Determining which SNP alleles are harbored in a duplication is subject to the same phasing difficulties as SNP haplotype determination. In order to maximize our ability to determine correct phasing, we considered only SNP sites that were duplicated to total copy number three in at least one trio offspring, with one parent having copy number three and the other either two or three. To avoid the possibility of a deletion on one chromosome, we omitted from consideration all loci contained in a deleted regions in any individual (either in our data or in the Database of Genomic Variants). This left us with 496 SNPs for which we sought to detect the presence of the AA, AB, BB, A, and B chromosomes in our sample set, through a combination of phasing and examination of individual genotypes (see Additional data file 4). Note that lack of detection does not necessarily indicate absence, but could instead be the result of ambiguous phase.

Additional file 4. Supplementary Methods. This file describes how we were able to "phase" the alleles in duplicated SNPs.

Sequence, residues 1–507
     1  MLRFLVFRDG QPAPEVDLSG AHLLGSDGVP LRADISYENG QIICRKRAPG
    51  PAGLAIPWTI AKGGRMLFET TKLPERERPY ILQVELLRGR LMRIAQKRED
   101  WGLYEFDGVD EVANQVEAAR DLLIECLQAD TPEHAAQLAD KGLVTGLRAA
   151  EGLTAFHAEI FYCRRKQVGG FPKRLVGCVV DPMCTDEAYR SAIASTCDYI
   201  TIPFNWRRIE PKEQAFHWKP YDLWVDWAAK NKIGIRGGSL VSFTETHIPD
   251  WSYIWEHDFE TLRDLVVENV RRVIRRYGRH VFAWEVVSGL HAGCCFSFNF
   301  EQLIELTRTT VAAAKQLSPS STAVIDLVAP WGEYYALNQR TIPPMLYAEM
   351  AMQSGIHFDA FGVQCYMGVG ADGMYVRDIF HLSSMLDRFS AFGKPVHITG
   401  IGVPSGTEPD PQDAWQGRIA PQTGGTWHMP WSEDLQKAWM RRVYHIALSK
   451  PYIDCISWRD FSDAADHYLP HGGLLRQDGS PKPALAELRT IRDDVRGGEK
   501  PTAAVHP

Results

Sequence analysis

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Comparison with previously-published CNVs and segmental duplications

The previously published CNVs were those catalogued (as of December 4, 2006) in the Database of Genomic Variants (Build 35 coordinates). The "rearrangement hotspots" [16] are regions, between 50 kb and 10 Mb in length, flanked by segmental duplications at least 10 kb in length with at least 95% sequence identity. The Build 35 coordinates of these segmental duplications were downloaded from the Segmental Duplication Database [35] on December 4, 2006.

Statistical analysis of GO associations in CNVs